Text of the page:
21 March, International Day of Forests

I apologize in advance, but I’m going to start this post with a bit of philosophy. Let’s see. I used to be skeptical about this International Day of stuff until I got to Twitter. In that parallel world, every international day sparks conversations and starts discussions (some of them more enlightening than others) about topics that wouldn’t be in focus otherwise. It’s obvious that the people that are truly engaged with the problematic will talk about it for more than one day a year, but the interesting bit about international days is their ability to include a larger part of population in the conversation. This is obviously very enriching.

Forests are a source of health and mental well-being.

These impressions are very close to those stated in the (Spanish) United Nations’ blog. According to this source, international days are for:

Sensitizing, raising awareness, highlighting, pointing out an important, unresolved problem in societies. The aim is to press governments to act on it, as a result of a demand from citizens.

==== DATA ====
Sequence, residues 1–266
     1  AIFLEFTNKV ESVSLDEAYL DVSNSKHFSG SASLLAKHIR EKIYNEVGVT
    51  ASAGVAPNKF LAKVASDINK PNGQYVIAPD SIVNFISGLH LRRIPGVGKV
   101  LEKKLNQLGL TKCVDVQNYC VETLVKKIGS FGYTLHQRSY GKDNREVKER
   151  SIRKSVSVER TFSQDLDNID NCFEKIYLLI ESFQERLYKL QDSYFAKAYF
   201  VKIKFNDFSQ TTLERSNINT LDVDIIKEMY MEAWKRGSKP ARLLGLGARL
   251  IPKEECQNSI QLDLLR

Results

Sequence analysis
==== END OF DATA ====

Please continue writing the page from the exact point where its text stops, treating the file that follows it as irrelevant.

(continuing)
It is therefore a very democratic idea, and thanks to social networks these conversations reach a huge extension. End of the philosophic introduction. Let’s talk some forestry!

Forests are also a renewable source of energy.

Of the vast amount of ecosystem services provided by forests, the one chosen for the International Day of Forests 2017 is the production of energy. Precisely, the energy stored in wood. Wood has accompanied humanity since the discovery of fire heating our homes, cooking our food, being fuel for our machines and, of course, as building material (although this use is not directly related to energy). “Chopping trees down” might not look as an environmentally friendly practice, but if we observe the ecosystem, a well-managed forest for timber harvesting is a renewable energy source. To put it simply, for each felled tree, there are just sowed seeds and young trees growing.

Wrapping up just as philosophically as I started, maybe the solution to climate change consists in a paradigm shift in energy consumption and a rebirth of wood.

What are your thoughts?

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